The potion teleports you to an “ice fortress” with a CRYSTAL BALL.

This is where I’m stuck. There’s a guard blocking one direction, the zodiac room in the screenshot above, and a “bottomless pit” which isn’t actually bottomless.

Might just be a trap.

KILL doesn’t work on either the guard or the centaur, nothing I’ve tried to GIVE has helped, and I can’t operate the crystal ball with everything I’ve tried (wand waving, rubbing, etc.). The only other item I’ve got no use out of is an EMPTY URN which breaks if you try to drop it anywhere. What makes this really hard to test is not only the lack of a save feature but the potion-transport moment of the game: it goes one-way. So any objects not being carried are left behind, and there’s a four-slot inventory limit (really three-slot since the torch must be carried in one slot; a ring can be worn, but that’s the only leeway). Testing any new theory requires restarting from the beginning and entering all the commands of the game so far.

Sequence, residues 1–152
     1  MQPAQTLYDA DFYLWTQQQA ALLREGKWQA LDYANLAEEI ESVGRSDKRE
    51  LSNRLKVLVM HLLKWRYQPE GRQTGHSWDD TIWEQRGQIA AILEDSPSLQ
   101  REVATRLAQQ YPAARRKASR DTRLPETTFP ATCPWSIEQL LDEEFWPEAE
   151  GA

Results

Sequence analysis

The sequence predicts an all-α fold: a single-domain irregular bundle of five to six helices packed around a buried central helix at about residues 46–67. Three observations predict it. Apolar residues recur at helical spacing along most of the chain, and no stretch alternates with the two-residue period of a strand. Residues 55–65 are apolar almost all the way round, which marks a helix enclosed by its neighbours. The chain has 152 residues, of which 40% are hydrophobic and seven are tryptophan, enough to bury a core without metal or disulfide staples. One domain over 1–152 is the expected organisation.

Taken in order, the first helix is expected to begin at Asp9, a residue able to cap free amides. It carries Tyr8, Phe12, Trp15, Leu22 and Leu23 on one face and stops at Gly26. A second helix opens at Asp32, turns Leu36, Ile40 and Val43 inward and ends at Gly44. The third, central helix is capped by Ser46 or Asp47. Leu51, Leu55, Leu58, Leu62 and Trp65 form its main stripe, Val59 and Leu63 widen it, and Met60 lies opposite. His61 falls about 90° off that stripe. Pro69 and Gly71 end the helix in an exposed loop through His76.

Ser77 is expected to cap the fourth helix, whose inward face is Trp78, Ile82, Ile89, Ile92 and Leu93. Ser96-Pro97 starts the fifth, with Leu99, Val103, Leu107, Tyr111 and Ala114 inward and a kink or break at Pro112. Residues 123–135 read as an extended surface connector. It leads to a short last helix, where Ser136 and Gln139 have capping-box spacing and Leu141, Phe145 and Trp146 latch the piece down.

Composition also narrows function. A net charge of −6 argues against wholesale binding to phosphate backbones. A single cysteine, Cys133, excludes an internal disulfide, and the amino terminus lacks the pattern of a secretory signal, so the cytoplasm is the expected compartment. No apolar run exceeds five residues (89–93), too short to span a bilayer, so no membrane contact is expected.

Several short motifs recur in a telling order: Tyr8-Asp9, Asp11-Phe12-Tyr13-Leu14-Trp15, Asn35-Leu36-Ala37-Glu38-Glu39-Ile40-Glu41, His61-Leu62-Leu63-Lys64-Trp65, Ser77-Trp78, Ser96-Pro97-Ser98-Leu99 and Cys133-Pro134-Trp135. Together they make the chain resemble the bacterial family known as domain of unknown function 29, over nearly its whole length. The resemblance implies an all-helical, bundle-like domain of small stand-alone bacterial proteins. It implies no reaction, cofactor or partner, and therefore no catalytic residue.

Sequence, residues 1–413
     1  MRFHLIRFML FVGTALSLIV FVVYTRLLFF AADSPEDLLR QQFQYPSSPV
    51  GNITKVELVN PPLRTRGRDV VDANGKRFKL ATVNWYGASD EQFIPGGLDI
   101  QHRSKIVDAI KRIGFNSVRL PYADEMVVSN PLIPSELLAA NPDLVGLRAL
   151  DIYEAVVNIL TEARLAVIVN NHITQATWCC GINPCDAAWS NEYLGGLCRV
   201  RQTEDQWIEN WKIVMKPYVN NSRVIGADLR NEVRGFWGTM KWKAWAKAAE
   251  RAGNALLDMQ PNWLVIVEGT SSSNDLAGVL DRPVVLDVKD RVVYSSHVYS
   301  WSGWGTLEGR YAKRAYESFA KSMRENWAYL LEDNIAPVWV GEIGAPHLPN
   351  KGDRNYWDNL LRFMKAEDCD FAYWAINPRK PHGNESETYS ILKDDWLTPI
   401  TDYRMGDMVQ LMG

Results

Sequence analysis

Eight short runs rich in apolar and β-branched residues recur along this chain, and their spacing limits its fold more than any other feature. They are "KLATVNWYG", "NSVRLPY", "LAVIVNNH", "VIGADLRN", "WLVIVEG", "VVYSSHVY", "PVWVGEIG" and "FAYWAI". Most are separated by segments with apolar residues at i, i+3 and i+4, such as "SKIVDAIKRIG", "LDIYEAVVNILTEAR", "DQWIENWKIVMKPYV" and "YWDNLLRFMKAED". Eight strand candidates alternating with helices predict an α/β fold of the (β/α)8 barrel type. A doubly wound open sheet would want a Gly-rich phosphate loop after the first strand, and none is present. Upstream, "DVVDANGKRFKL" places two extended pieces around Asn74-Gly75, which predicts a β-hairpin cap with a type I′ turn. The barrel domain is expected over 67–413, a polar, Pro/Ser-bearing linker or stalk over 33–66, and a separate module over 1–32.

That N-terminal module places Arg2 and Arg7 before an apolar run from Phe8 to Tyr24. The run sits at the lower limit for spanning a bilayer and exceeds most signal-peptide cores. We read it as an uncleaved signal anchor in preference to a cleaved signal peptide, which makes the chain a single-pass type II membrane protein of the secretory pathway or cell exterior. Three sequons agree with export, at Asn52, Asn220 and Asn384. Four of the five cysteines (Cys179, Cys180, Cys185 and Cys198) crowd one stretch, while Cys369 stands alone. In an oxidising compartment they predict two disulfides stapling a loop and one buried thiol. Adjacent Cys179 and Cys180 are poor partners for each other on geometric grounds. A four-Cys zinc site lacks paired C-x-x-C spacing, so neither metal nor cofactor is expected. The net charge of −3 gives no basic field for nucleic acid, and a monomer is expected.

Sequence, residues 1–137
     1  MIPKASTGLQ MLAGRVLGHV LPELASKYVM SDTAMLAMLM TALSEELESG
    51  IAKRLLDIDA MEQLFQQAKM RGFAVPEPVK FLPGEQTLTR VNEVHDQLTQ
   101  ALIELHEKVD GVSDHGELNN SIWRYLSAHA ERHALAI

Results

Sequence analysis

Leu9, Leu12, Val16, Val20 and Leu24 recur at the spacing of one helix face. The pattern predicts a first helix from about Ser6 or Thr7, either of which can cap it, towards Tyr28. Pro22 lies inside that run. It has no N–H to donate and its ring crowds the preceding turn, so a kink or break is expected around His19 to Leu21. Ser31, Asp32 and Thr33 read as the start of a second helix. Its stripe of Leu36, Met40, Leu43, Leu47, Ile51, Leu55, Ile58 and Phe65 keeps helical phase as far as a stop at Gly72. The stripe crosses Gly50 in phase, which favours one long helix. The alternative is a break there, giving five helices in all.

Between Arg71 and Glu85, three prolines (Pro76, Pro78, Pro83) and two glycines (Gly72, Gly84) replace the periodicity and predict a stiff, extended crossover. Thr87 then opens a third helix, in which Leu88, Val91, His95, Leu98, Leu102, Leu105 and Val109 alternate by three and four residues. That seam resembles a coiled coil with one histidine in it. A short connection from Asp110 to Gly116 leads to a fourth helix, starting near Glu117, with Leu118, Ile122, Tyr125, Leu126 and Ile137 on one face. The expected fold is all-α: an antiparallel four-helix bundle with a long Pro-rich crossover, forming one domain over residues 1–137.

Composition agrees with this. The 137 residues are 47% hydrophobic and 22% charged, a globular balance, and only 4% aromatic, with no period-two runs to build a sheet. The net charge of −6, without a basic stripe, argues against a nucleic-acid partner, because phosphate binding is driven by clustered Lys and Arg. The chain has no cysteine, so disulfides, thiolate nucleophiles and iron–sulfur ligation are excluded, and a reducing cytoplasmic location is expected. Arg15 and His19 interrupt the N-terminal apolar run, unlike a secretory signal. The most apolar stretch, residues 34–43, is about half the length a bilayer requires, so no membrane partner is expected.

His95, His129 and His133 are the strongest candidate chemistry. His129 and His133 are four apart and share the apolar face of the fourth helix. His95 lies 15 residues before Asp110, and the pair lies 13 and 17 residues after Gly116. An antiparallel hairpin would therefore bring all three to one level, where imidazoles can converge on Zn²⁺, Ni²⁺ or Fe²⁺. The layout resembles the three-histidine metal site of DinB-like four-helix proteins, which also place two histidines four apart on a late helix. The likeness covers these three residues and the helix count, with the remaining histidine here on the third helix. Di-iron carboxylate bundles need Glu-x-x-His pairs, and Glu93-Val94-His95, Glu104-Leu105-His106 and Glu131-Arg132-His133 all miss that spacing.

An option might be using save states, but Atomulator doesn’t have them, and I haven’t got MAME Acorn to work. However, if you’re really keen on taking a shot, the Atom Software Archive is here (for Atomulator, unzip the file into the MMC directory, then hit shift-F12 on booting to get to a select-a-game menu).

Posted January 2, 2022 by Jason Dyer in Interactive Fiction